Judging by the nearly 800 people who gathered for a women’s luncheon organized by pastors in Fukuoka Friday morning and the 700 or so who showed for a banquet later in the evening, excitement is building ahead of the Will Graham Celebration of Hope set for this weekend.
Friday’s festivities included sneak peek performances by some of the entertainers participating in the Celebration. Though the goal was to get the word out about his visit to Fukuoka, Will Graham didn’t miss the opportunity to tell attendees about “the greatest news” they could ever receive: the Gospel of Jesus Christ in John 3:16.
“God desires to have a relationship with you and me … but many here today have not experienced that relationship,” Will said at the banquet.
“Maybe you don’t feel like anyone loves you in the world. Maybe you feel like you’re all alone, even in a crowded room like this,” he continued. “I’m here to tell you, God sees you, God cares for you, and God loves you.”
Prior to leaving, Will took time to pray for those who may not know Jesus. Each table setting included a decision card for people seeking a relationship with God. By night’s end, 70 gave their lives to Christ.
Dr. Robert Cunville, an associate evangelist with BGEA, spoke at the ladies luncheon. Looking out at a sea of women of various ages, he too urged them to “put your problems at the foot of the cross” and submit them to Christ.
“As I travel up and down the world to preach the Gospel, I have found that all the things the world gives us fail to satisfy the deepest need … in our relationship with one another and most of all in our relationship with God.
“We’re living in an age where everyone wants everything very quickly. We want to do the most in the least time,” he continued, adding that no time is wasted when it’s spent with God.
“We can reach God immediately when we go to Him in prayer.”
Baseball is one of Japan’s most popular sports, so an appearance at the banquet by Fukuoka SoftBank Hawks pitcher Jason Standridge triggered a big round of applause. Standridge made it known, though, that his purpose goes beyond the sport.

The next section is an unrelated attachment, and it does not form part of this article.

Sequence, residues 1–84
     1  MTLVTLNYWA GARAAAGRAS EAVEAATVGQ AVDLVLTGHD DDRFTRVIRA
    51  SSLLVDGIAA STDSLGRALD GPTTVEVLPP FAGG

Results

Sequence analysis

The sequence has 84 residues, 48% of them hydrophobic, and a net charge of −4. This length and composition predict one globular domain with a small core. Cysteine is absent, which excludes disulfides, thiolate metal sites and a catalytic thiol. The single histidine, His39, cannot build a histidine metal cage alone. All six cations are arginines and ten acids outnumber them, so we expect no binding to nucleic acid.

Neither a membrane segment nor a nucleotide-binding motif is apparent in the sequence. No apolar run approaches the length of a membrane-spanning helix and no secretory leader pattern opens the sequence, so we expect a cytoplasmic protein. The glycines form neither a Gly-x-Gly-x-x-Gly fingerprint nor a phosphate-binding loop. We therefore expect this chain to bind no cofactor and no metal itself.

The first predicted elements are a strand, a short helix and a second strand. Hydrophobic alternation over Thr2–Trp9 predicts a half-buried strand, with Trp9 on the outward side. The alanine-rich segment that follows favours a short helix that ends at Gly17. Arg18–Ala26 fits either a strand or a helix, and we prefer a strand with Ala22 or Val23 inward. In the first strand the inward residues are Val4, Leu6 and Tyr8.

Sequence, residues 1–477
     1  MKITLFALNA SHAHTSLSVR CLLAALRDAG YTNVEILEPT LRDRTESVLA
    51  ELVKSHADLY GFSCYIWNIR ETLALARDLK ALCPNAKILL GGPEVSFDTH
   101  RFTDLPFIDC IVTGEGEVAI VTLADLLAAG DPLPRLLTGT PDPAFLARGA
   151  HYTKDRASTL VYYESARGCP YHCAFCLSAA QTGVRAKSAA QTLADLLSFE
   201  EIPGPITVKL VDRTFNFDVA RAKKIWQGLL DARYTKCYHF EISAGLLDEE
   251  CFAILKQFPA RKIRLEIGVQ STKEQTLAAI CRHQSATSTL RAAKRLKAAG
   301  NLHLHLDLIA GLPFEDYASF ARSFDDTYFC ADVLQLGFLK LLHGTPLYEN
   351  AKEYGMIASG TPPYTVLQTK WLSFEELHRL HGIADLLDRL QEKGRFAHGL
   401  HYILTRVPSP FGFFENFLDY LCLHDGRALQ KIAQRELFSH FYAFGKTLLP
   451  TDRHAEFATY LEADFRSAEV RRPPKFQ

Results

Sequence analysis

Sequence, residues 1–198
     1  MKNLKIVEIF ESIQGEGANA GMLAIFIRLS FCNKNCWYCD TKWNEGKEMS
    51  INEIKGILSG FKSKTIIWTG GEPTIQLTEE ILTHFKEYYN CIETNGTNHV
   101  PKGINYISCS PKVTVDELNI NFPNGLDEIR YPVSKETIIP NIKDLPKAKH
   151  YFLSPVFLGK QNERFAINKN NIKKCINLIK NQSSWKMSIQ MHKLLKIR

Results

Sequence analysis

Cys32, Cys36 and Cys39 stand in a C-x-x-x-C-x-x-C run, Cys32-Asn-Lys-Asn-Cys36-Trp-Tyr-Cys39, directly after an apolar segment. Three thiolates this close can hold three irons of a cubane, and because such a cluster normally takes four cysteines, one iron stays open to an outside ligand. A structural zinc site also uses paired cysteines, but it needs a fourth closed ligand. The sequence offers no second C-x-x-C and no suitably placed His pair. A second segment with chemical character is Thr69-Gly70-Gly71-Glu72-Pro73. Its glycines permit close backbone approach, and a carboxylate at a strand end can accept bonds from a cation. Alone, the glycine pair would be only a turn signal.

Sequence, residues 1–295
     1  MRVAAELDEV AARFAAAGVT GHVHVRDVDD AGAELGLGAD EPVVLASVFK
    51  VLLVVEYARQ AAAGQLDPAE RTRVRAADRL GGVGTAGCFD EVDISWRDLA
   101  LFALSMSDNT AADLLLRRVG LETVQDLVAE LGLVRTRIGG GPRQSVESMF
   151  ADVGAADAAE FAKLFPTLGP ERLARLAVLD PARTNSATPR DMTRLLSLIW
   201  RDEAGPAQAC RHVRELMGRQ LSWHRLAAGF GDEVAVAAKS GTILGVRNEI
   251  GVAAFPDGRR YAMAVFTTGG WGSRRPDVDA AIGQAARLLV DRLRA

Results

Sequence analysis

“Yes, I am a baseball player. But the most important thing in my life is not baseball. It’s my relationship with Jesus,” he said. “I didn’t realize I was going to come to Japan to play baseball. But I know that I have come over here to spread the love of Jesus.”
The Alabama native took a moment to show off one of the bracelets he wears every game and sometimes gives to fans. On it is the phrase, “Jesus is my strength,” in Japanese.
“I wanted to make sure people knew we’re not just talking about any god, we’re talking about the God,” he explained.
Before leaving the stage, 35-year-old Standridge asked for one favor: “Please pray for me.”
Many in the crowd nodded in agreement.
Hard work and dedication are emphasized in Japanese culture and often linked to the measure of a person’s success. Though a typical workday begins at 9 a.m., many may not leave their jobs until well into the night.
Gene Thompson, director of corporate communications at Chick-fil-A, shared his story Friday, in hopes that those listening would recognize putting God first and serving others second is the best way to prioritize.
“When I follow Jesus and stay close to him, I’m able to have success in the most important things of my life,” Thompson said.
He noted that his priorities are Jesus first, followed by family then work.
“[You might ask], ‘How do you have a good job and have success when work is only No. 3 in your list of priorities?’” Thompson said. “Somehow God has honored this, and He has allowed me to prosper.”
Join the Billy Graham Evangelistic Association in praying the message of each speaker from Friday’s gatherings sticks in the hearts of the people in attendance, and the Gospel continues to spread at the Celebration of Hope, March 15-16.